Sunday, June 29, 2014

Playing With Ricky

Tims, that is.

Some of you, Gentle Readers, may have picked up on the "blues and blahs" through which I've been wading for some time now.  They've been coming and going lately; some days I awaken energized and excited about the day, while on others...well, let's just say I'd rather not get out of bed.  I've been trying to counter-act the B&Bs with textile therapy, whether quilting, knitting or embroidery.

One of the exercises I did this past week was to make a new quilt using a technique I've been meaning to explore for almost 15 years now.  I bought Ricky Tims' book, Convergence Quilts sometime in 2000 (I think); I can't remember exactly when.  I also bought a piece of his hand-dyed fabric -- but that's not what I've used for this piece.

No.  A few weeks ago my friend C gave me two pieces of 'funky' fabric that she'd bought for a project -- fabric that just didn't suit the project in the end.

What to do with this?
I tripped over it earlier this week, looking for something fresh to start, and it dawned on me that Ricky Tims' convergence technique might just make something presentable.  First, though, I wondered who would create such odd fabric and why.

The information on the selvedge revealed that the fabric line was "Indiana Harvest" by Phil Beaver for Free Spirit Fabrics.  A little internet research brought up a pdf file on how to use this fabric which, it appears, had been created by Mr. Beaver specifically for the purpose of creating applique still life and landscape pieces.  I'm not sure if Mr. Beaver is still with us, but he is (was?) an award-winning quilter and designer, has taught workshops at Road to California and other venues and appeared on "Simply Quilts" in its day.  If you see his work, you will see why he created this fabric line and how it was used.

And so... to work on convergence!  Having never done this technique I decided to begin with a "level one" convergence quilt.  According to the directions, I cut squares out of the fabric. laid them out on my cutting table in a "square of squares", marked the top of the top 2 squares with an 'orientation line' (so I'd know which end was up!) and seamed them together at the bottom.  They were then ready for graduated slicing:

Close up of first slices - see the horizontal seam?
The next step involved moving them around, which I did on my design wall:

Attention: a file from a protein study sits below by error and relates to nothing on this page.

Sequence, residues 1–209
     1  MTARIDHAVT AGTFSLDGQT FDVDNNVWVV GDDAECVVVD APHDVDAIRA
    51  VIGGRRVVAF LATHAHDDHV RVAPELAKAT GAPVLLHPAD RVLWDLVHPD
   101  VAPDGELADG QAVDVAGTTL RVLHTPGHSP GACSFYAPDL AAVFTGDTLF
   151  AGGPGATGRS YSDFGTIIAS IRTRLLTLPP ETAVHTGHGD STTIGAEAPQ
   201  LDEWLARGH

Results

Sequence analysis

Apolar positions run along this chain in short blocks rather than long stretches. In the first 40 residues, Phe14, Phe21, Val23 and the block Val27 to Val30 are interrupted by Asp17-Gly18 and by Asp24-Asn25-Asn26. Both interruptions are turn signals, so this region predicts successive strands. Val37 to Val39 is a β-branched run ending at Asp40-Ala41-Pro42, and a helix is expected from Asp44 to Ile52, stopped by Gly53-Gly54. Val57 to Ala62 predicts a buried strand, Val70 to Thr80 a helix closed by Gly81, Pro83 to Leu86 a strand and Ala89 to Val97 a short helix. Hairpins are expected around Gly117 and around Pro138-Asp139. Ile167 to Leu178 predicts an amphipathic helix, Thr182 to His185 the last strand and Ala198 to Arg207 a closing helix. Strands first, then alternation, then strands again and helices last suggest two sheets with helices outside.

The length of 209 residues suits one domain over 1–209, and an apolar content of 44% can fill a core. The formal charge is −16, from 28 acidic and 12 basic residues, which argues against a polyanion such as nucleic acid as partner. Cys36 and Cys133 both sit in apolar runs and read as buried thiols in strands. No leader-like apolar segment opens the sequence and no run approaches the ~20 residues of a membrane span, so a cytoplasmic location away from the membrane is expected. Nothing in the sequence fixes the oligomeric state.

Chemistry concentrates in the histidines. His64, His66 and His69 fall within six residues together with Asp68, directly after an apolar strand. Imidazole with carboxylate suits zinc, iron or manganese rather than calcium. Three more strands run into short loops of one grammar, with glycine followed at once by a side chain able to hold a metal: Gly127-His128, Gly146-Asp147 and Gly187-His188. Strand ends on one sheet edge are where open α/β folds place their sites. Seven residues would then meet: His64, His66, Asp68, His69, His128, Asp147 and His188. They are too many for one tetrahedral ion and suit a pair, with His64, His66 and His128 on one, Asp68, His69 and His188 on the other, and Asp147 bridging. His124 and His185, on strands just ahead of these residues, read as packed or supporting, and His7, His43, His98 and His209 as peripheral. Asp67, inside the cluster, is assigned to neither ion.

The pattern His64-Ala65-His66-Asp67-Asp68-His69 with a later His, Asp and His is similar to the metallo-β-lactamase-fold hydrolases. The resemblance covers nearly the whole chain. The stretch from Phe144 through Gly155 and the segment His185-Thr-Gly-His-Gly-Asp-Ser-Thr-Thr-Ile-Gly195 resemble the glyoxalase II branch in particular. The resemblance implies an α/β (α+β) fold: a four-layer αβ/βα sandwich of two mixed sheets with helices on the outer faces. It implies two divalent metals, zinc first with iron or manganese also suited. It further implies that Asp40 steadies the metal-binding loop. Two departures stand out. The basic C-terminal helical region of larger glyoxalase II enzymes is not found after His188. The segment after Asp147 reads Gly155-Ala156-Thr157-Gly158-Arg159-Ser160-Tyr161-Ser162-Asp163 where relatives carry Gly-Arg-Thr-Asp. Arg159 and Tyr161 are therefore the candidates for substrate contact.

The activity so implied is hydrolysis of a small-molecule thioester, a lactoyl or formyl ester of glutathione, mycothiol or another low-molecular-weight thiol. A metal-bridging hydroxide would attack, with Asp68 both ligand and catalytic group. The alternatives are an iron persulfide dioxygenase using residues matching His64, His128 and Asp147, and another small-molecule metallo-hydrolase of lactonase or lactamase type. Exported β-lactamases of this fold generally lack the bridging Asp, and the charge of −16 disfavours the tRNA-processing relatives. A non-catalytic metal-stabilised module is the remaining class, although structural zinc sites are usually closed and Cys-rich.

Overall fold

First slices re-arranged
Long story short, the technique involves sewing the re-arranged strips together, rotating the piece, doing some more slicing, arranging and stitching, to come up with something like this:

I really liked this -- and could see it simply faced, or mounted on stretcher bars/canvas (if you could find them to fit), but Tims suggests adding two borders, and as I was into doing the entire exercise, I found some fabric for the recommended very narrow (1/4" finished) border:

In his book and in the gallery on his website, Ricky Tims gives several examples of how to play with wider borders or otherwise to finish the piece.  I opted to try to use what I had left of this fabric to create the second -- wider border.  In the end, I had 3 borders that will finish at 4", and one that will be narrower, turning the piece into more of a rectangle -- but I'm still pleased with the finished flimsy:

Canola Convergence

As you can see from the caption, I've already given the piece a title -- Canola Convergence, because it reminds me of the fields of canola around here in mid-summer.  I've pieced together a back and have sandwiched it for quilting, which means I'll be binding it rather than facing it.  I have more of the fabric I used for the narrow green inner border, and plan to use that.

The second piece C gave me is in the same fabric line, but gold and brown, and I plan to do the same exercise.  Working title? "Desert Storm".  ;-)  Stay tuned...and be warned.  If you decide to try this technique, it could become addictive.  I'm already pondering other wild fabric in my stash, with "what ifs" rolling through my mind.

Though it's late in the day, I'm going to see if I can still link this up with Nina Marie's "Off the Wall Friday"...and see what else is happening over there.


arlee said...

looked like a Van Gogh!!!

Kaylene said...

I am so glad you did this quilt it is truly amazing and the title is fitting and it certainly reminds me of paddocks of cranola. Cheers

Unknown said...

Fabulous use of fabric.

California Fiber artist and composer said...

I love your imaginative use of Phil's fabric. I took his class at Road but most of us painted our own versions. He has/had a very distinctive style. well done!

Judy Warner said...

I have always thought about doing a Convergence Quilt. Ricky showed a wide selection of them at a workshop here a few years ago. Happy you have found something you are enjoying. Canola looks great.

elle said...

This is a fun technique!

Jo Ferguson said...

Although I've heard of the technique, I'd not seen it in action. I love the effect. It took a rather interesting piece of fabric and turned it into something beautiful.